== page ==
Today, I.AM.THE.MOM. who runs headlong into the fray.

For those who are unaware of the raging debate and over-publicized extreme and, seemingly, ignorant opinion of one Michigan mother, follow this link: https://www.facebook.com/sara.tranum and read the blog post I linked to on my Facebook page earlier today.  Or The Washington Times posted a summation of the blog itself with a link to it.  Search for “I.AM.THE.MOM.” and you will surely find both the blog and the flurry of internet activity it has started.

So here’s my mad dash into the fray:

For shame that you will prohibit a doctor or nurse from talking privately to your child.  The child mentioned in your post is 17 years of age.  I hate to be the bearer of bad news but in the next year or so, she will likely leave the nest, perhaps even for college.  Once there, she will be completely on her own for many daily decision making opportunities and left to her own devices to communicate with adults in a whole new way.  In a way that, despite the opportunity, it sounds she will not learn with you nearby because you couldn’t relinquish control for even 5 minutes.  Her professors will likely not only not want to discuss your daughter with you but may be prohibited from doing so, whether she gives permission or not.  For a non-emergency and non-family-history-related situation, her medical practitioner will, again, likely not include you.

Based on your side of the story, surely things could have been handled differently, perhaps better, by the office and office staff.  But to every story there are three sides:  Your side, their side and the truth.

Now, I can understand a parent’s concern over topics that are in contrast with the moral teachings in the household being discussed elsewhere.  But let’s be honest:  Would you rather your daughter learn the facts from her practitioner or from a friend or (possibly worse yet) her friend’s parents?

It may stun you to learn that according the 2011 statistics, 41.2% of Michigan high school students admitted to having had sex.  Here are some quick facts (these and the previous are all from The National Campaign to Prevent Teen and Unplanned Pregnancy, http://www.thenationalcampaign.org):  Michigan ranked 20/50 for highest teen pregnancy and teen birth rate, with 8,913 in 2012 or 26.3 births per 1000 girls.  26% were ages 15-17 and a stunning 72% were 18-19 years old.  While it ain’t 50th, 20th really isn’t anything to right home about.  Worse yet, 54% of ALL pregnancies in women ages 15 – 44 were unplanned.  This tells me that somewhere in their formative years, girls are missing some critical pieces of pregnancy-prevention education, and that this failure follows them and affects them even as mature women.  My home state of Virginia boasts a (still depressing) 12th in teen pregnancy and 16th in teen birth rate, at 6,076 teen births in 2012, or 22.9 births per 1000 girls.  The statistics on age breakdown and percentage of teens who admitted to having sex in 2011 were not posted but a whopping 53% of all pregnancies, ages 15-44, were unplanned.  Let’s not even get into the cost-to-taxpayers for those unplanned pregnancies.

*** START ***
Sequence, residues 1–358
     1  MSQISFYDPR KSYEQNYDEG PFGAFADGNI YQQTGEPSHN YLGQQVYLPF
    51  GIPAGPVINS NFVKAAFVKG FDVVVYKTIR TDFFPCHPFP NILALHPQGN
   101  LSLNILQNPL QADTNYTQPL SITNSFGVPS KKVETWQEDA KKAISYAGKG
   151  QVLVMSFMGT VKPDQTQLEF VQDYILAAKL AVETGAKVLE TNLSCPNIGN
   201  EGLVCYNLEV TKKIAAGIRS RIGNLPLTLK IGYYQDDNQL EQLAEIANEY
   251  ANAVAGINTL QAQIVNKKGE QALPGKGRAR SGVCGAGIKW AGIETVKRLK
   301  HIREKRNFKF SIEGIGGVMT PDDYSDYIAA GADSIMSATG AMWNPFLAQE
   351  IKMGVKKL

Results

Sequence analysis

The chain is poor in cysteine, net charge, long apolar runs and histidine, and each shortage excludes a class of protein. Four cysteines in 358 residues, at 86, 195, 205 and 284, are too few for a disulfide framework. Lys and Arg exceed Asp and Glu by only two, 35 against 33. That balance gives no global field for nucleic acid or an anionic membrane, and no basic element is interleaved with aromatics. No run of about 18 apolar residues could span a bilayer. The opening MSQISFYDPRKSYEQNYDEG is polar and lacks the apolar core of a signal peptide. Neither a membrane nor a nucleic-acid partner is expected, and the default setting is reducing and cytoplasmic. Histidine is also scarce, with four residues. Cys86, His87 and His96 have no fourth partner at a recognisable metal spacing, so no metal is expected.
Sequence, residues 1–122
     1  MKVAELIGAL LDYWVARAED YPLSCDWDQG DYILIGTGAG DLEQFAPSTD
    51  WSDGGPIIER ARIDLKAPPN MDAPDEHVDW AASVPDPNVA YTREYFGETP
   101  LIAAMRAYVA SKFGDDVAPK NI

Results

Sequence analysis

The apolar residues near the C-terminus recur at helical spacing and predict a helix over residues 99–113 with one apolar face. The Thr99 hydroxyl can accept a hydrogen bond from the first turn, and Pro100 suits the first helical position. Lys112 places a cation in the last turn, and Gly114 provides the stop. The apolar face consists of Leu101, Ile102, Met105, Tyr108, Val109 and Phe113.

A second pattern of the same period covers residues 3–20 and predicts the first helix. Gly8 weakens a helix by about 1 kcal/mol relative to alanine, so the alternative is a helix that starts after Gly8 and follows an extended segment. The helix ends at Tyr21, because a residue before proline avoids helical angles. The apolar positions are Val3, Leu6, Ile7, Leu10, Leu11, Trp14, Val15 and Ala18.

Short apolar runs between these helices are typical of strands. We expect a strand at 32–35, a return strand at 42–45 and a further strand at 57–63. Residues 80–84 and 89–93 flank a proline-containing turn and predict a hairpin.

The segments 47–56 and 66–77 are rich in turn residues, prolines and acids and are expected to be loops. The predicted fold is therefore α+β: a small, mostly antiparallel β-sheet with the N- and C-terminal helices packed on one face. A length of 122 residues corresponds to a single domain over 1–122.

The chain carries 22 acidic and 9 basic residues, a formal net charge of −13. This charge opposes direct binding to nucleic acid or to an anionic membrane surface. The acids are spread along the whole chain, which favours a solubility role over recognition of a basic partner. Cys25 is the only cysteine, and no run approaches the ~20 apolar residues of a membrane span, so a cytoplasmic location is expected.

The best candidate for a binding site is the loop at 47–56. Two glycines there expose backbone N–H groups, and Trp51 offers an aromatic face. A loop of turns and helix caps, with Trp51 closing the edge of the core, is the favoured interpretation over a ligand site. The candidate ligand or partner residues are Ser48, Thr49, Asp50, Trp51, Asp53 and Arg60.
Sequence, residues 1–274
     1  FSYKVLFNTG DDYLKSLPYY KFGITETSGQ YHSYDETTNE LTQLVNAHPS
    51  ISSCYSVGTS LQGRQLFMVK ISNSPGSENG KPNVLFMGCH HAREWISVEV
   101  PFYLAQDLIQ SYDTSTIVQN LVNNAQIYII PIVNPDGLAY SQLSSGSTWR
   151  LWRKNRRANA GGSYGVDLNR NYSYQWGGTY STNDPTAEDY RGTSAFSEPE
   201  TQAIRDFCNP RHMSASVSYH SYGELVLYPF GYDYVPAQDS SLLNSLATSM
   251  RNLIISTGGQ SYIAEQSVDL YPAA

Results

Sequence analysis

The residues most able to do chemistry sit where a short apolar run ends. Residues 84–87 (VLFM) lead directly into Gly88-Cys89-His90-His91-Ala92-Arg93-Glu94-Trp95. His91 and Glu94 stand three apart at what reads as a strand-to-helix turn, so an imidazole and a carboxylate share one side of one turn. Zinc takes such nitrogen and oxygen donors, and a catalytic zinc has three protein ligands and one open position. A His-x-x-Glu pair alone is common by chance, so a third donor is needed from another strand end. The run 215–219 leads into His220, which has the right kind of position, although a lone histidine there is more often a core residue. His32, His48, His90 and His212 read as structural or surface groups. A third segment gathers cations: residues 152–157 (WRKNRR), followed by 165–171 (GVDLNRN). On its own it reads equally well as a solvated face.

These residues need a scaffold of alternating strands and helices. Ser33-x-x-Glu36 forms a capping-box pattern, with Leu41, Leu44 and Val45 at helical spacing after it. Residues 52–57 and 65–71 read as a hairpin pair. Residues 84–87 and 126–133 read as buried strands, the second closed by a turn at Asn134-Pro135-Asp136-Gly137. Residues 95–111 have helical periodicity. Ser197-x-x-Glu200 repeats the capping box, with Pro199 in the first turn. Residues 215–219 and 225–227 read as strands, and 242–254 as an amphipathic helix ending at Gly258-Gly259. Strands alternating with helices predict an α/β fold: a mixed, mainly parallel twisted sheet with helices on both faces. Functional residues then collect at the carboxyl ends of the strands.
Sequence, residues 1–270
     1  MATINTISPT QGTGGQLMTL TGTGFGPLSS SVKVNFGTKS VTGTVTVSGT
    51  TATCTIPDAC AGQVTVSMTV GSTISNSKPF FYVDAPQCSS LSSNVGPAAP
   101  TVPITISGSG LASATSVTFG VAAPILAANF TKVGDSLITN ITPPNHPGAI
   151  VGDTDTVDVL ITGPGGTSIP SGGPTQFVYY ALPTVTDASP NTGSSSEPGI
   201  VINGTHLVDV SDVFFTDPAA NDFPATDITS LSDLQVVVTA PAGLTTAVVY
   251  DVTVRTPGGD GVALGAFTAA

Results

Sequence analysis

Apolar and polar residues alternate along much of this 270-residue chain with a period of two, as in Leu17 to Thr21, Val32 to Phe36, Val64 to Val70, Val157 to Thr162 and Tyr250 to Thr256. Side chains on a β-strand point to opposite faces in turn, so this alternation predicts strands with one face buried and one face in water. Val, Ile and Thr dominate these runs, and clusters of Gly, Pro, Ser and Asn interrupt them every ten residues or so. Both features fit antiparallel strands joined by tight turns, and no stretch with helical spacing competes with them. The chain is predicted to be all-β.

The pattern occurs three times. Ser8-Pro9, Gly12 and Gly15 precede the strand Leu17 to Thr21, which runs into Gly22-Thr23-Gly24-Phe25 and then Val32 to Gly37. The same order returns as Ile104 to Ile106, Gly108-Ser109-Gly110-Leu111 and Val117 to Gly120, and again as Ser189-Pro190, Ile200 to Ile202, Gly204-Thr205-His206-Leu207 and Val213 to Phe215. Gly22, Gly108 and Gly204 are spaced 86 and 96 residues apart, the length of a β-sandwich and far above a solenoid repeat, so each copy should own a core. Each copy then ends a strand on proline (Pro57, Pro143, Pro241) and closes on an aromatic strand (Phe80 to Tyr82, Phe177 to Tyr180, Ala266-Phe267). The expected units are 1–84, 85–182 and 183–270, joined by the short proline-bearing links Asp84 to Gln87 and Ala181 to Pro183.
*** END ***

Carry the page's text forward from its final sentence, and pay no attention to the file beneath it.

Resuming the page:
Now, consider for a second that in allowing your daughter even five minutes with the practitioner you may be empowering her to start developing a trusted relationship where she can talk to someone about bullying.  About abuse.  About drugs.  About feeling depressed.  Having a safe place to talk about those things is so important.  Maybe your daughter is lucky to have had zero encounters with any of that in her seventeen years, but maybe not.  Maybe your relationship with her is the one that all mother’s wish to have, where any topic is open for discussion and your child trusts you completely and tells you everything.  But just in case that is not the situation, wouldn’t you like to know the person she goes to is someone you also trust and respect?

Yes, it does sound like YOUR DAUGHTER’S practitioner (because let’s be honest, the practitioner is NOT in the room to see you) wants to address some tough topics with your daughter.  Please consider these points:

1. If you don’t trust the practitioner to be alone with your child for even a few minutes, what are you doing in that office?

2. The strongest likelihood (and this is my total-outsider, but professional medical opinion) is that no one is trying to undermine your parental authority.  They are probably trying to establish a comfortable, trusting relationship with your teenager who is soon to be an adult, who may be making adult choices without all the information needed to make an informed decision and who certainly who needs to learn to talk to practitioners as an adult and WITHOUT YOU.

3. What on earth do you think they are going to cover in FIVE minutes?

4. Realize that your child is learning about all of these things anyways, likely from non-reputable and uneducated sources.  (As in, unless you home school, chaperone all social interactions and don’t even leave her with the cell phone or lap top to go to the bathroom, you are likely NOT picking who talks to her about sex, drugs and rock-and-roll!)  A medical practitioner can talk facts, statistics, hard truths, dispel myths, explain research, evidence-based medicine and even just offer a listening ear.

5. You are the mom.  So be the mom.  Help your daughter the adult skills she needs when she leaves the nest.  Be there to guide and support her.  And you might as well find something sweet to help you swallow that bitter pill of knowing that your turn to make all of her decisions is about over.

Hopefully she will succeed.  Hopefully she will not be one more statistic.  Hopefully when you do let go, you will see you raised a smart, thoughtful, intelligent and considerate woman who makes good, sound decisions.

Happy trails, and may they lead you to amazing places and great adventures along the way.

Sara

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